Tobit 12:19


17 But he said to them, "Do not be afraid; peace be with you. Bless God forevermore. 18 As for me, when I was with you, I was not acting on my own will, but by the will of God. Bless him each and every day; sing his praises. 19 Although you were watching me, I really did not eat or drink anything—but what you saw was a vision. 20 So now get up from the ground, and acknowledge God. See, I am ascending to him who sent me. Write down all these things that have happened to you." And he ascended. 21 Then they stood up, and could see him no more.

Augustine City of God 13.22

On the City of God Against the Pagans

For so also was it with the angels who presented themselves to the eye and touch of men, not because they could do no otherwise, but because they were able and desirous to suit themselves to men by a kind of manhood ministry. For neither are we to suppose, when men receive them as guests, that the angels eat only in appearance, though to any who did not know them to be angels they might seem to eat from the same necessity as ourselves. So these words spoken in the Book of Tobit, You saw me eat, but you saw it but in vision; that is, you thought I took food as you do for the sake of refreshing my body. But if in the case of the angels another opinion seems more capable of defense, certainly our faith leaves no room to doubt regarding our Lord Himself, that even after His resurrection, and when now in spiritual but yet real flesh, He ate and drank with His disciples; for not the power, but the need, of eating and drinking is taken from these bodies. And so they will be spiritual, not because they shall cease to be bodies, but because they shall subsist by the quickening spirit.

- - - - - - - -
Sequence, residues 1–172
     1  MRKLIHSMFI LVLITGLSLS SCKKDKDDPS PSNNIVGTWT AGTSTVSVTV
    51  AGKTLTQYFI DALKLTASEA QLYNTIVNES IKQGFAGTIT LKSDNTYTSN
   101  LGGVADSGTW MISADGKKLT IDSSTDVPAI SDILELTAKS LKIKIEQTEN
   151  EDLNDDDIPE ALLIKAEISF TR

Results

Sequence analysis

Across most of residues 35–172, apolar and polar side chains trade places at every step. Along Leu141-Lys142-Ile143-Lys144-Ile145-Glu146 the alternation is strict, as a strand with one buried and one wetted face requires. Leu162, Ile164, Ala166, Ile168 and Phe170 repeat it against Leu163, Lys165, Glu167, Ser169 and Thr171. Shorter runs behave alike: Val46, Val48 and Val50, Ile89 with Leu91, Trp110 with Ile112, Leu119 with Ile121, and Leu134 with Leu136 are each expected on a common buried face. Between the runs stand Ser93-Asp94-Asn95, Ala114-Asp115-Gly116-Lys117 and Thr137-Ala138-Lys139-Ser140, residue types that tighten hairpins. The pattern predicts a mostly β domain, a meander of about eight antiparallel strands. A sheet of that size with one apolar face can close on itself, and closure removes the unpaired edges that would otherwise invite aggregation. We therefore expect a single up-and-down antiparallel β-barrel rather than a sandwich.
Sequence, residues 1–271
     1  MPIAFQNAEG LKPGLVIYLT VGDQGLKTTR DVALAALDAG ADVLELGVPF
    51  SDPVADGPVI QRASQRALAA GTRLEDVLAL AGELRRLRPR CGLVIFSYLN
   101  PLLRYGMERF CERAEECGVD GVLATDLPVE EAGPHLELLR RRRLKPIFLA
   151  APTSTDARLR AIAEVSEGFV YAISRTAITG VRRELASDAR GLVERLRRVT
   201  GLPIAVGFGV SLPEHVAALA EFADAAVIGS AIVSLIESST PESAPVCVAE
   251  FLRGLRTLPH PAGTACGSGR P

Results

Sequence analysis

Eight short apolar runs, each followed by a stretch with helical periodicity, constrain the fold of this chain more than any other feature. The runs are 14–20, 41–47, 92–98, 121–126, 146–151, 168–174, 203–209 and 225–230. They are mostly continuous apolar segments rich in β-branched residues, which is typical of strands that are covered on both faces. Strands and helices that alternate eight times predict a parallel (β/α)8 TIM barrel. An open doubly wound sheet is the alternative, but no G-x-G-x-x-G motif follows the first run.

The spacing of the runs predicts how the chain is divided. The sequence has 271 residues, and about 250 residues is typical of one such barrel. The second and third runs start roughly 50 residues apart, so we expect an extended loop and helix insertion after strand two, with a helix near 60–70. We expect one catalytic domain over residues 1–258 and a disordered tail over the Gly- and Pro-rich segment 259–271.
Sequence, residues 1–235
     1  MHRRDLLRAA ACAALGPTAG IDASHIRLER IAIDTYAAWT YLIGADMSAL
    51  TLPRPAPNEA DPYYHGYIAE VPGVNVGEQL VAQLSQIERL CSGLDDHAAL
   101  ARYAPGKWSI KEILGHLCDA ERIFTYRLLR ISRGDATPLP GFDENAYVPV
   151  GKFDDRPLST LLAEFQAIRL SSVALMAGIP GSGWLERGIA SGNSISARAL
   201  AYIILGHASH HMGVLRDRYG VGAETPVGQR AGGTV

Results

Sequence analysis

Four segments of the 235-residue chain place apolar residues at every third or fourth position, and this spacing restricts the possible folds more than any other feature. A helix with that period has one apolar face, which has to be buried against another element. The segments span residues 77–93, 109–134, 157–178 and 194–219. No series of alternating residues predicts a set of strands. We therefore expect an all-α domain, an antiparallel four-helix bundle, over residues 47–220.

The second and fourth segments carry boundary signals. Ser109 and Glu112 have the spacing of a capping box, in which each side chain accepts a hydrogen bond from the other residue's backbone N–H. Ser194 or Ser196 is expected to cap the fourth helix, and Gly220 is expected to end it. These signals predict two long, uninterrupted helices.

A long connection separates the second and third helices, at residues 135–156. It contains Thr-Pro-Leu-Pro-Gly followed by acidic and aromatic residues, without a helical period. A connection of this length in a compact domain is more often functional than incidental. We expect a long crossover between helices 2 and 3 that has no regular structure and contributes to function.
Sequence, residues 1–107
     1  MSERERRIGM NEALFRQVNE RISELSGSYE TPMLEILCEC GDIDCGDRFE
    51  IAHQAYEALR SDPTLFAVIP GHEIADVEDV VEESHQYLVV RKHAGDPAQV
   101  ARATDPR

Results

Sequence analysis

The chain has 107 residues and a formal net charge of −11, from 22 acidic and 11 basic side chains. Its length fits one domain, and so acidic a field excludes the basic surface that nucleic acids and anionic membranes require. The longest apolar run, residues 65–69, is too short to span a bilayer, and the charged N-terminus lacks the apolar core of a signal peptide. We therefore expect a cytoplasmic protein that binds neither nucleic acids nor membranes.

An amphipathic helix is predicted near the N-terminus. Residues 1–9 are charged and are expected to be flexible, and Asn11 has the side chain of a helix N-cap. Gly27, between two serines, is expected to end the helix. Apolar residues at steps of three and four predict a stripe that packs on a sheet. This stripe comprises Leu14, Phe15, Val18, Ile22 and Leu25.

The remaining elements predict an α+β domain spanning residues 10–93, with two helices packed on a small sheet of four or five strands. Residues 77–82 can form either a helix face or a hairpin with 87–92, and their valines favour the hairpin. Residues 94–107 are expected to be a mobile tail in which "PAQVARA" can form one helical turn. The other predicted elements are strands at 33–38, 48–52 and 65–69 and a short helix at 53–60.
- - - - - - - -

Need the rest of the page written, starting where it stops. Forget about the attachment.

Notes and References

"... the West, further from the home of the Hebrew canon, and knowing the Old Testament chiefly through the Latin version of the LXX, did not scruple to mingle non-canonical books with the canonical. Hilary and Ruffinus were doubtless checked, the one by the influence of Eastern theologians, the other by the scholarship of Jerome; but Hilary mentions that there were those who wished to raise the number of the canonical books to twenty-four by including Tobit and Judith in the canon. From the end of the fourth century the inclusion of the non-canonical books in Western lists is a matter of course. Even Augustine has no scruples on the subject; he makes the books of the Old Testament forty-four (de doctr. Chr. ii. 13 "his xliv libris Testamenti Veteris terminatur auctoritas"), and among them Tobit, Judith, and two books of Maccabees take rank with the histories; and the two Wisdoms, although he confesses that they were not the work of Solomon, are classed with the Prophets. His judgement was that of his Church ("sunt canonicae scripturae Salomonis libri quinque ... Tobias, Judith ... Machabaeorum libri duo"). The African Church had probably never known any other canon, and its belief prevailed wherever the Latin Bible was read ..."

Swete, Henry Barclay An Introduction to the Old Testament in Greek: With an Appendix Containing the Letter of Aristeas Cambridge University Press, 1900

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